According to the Revision Notes, there are five updated sections, plus one new addition:
• Updated 3.1.1 Text Guideline #1: Body Text Must Use Defaults
The first bullet point given heretofore in this this section has been removed:
• Body text must not have a forced alignment (such as left aligned or justified).This section applies to reflowable ebooks, and the removal of this line presumably implies that forced alignments are now allowed, otherwise the prohibition would not have been removed. Forced alignments have actually been accepted previously, regardless of the restriction, but the rule has only now been officially expunged.
(Update: Aaron Shepherd points out that on page 69, in Section 9 on Kindle Best Practices, item #3 still states that text alignment should not be forced. But this is more than likely yet another instance of Amazon's inconsistent editorial revisions. Note that Section 3.1.6 gives specific instructions on how to force a left alignment for text!)
• Updated 3.2.2 Cover Image Guideline #2: Internal Content Cover Image Is Mandatory
Two sections of the previously existing code have been underlined, with the addition of the parenthetic statement that the
(underlined elements are mandatory)These two elements are contained in the OPF cover references, the first being the more recently added EPUB3 "properties" attribute for the cover image entry in the manifest (the new underlined elements have been highlighted below for the sake of clarity, although of course they're not in the Guidelines):
<item id="cimage" media-type="image/jpeg" href="other_cover.jpg" properties="cover-image"/>The second is the standard Kindle metadata entry that's been used as long as mobi files have been in existence (so far as I recall, at any rate):
<meta name="cover" content="my-cover-image" />This latter method has always been required in Kindle ebooks, while the former has been optional until now, since its additional a year or so ago. Note, however, that it is now a required element of the manifest entry for the cover image, if the EPUB3 cover reference method is employed. You only need enter one or the other, not both.
• Updated 3.2.3 Cover Image Guideline #3: Internal Cover Must Not Appear Twice
In the immediately following section a huge chunk of text has been removed, all of which provided for the one previously allowed exception in which an HTML cover might be included in a Kindle ebook along with the required cover image itself, as referenced above.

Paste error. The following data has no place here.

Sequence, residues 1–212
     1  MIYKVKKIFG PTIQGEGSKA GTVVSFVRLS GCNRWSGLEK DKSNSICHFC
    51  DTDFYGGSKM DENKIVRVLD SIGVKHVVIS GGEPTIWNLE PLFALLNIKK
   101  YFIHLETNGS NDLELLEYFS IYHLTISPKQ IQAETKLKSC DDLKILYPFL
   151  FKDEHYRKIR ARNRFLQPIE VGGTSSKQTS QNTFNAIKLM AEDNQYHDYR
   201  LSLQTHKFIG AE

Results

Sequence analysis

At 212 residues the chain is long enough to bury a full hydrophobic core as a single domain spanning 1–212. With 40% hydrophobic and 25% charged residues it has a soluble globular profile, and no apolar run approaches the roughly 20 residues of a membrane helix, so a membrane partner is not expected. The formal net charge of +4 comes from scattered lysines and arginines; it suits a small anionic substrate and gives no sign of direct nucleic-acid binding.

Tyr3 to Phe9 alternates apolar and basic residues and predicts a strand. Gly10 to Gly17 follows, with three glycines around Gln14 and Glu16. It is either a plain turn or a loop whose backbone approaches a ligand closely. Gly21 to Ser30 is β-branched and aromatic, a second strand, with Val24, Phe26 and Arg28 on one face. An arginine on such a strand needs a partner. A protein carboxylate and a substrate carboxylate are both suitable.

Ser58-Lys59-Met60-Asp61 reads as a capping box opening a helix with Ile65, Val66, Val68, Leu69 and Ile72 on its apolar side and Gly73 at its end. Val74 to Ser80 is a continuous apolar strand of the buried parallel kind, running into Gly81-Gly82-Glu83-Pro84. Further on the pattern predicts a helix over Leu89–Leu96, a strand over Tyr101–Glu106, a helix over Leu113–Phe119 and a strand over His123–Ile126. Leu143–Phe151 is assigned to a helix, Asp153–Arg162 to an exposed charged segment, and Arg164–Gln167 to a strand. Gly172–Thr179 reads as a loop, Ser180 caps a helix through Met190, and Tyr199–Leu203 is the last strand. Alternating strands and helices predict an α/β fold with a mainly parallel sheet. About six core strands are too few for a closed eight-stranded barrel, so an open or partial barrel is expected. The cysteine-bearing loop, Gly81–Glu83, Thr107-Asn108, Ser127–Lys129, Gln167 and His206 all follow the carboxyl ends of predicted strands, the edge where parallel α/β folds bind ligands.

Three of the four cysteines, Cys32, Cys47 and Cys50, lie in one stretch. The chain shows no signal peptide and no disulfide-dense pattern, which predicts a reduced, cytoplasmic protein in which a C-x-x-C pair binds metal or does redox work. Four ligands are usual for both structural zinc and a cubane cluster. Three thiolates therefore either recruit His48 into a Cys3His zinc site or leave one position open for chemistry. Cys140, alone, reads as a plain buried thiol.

This removed section of text provided for a spine entry for the cover "page" using the mandatory linear="no" attribute (which has never worked correctly), and the epub:type="cover" Landmarks element or type="cover" Guide item attribute. All of this has now been rescinded, and the only remaining content in this section is explicit statement not to add a cover image in any other way than by simply referencing the cover image itself directly in the OPF.
For those of you who have read this blog awhile, or have studied my tutorials or formatting guidebook on the subject, you will know that I have long advocated against adding an HTML cover image, for the very reason that Amazon themselves have stated in this section of the Guidelines, which is that it causes the cover image to appear twice in the reader (and not might as the Guidelines state, but always, in every case on every Kindle device and app).
• Updated 3.6.1 Image Guideline #1: Use Supported Input Formats
A single line has been added to this section, which is clear enough:
Use RGB as the color profile when saving your files. Kindle does not support CMYK or sRGB.Obviously the KDP ingestion system has been having issues lately with images employing incompatible color modes. This provides the necessary clarification to correct the issue, so take heed. Do not attempt to use a CMYK print source PDF for your ebook upload!
• Updated 3.6.2 Image Guideline #2: KindleGen Performs Automatic Image Conversions
In this section a single word has been changed, which makes a world of difference:
The maximum size of an epub is 650 MB.has been changed to:
The maximum size of a mobi is 650 MB.Uh, yeah, that would make a big difference. This means that Kindlegen (and by extension KDP) can input epub source files larger than 650 MB (as I have already pointed out as functionally possible, both here and in the latest edition of my book), but that the resulting mobi file cannot be larger than that size, giving an upper file size limit to publishable Kindle files. Whether or not Kindlegen will, in fact, actually produce a mobi file bigger than that is unknown, as I've never attempted to produce one. But my guess is this is more a KDP restriction than an actual production limit.
• Added 3.10.9 HTML Guideline #9: File References Must Match Case and Spelling of Source
This is an entirely new section, which again apparently addresses some errant file production practices:
Per WC3 HTML standards, all file references (fonts, images, etc.) must match the case and spelling of the name of the source file exactly.Again, the statement is clear enough that it requires no elaboration, except to say that it's unfortunate a statement such as this even needs to be made. But I suppose that's bound to happen when non-professionals attempt to produce professional level work, without first taking the time to learn the craft.
All in all this revision to the Guidelines is mostly for the sake of such technical clarifications as this, but the few alterations made to the standard rules are each important in their own way, and can in fact be quite significant in many cases.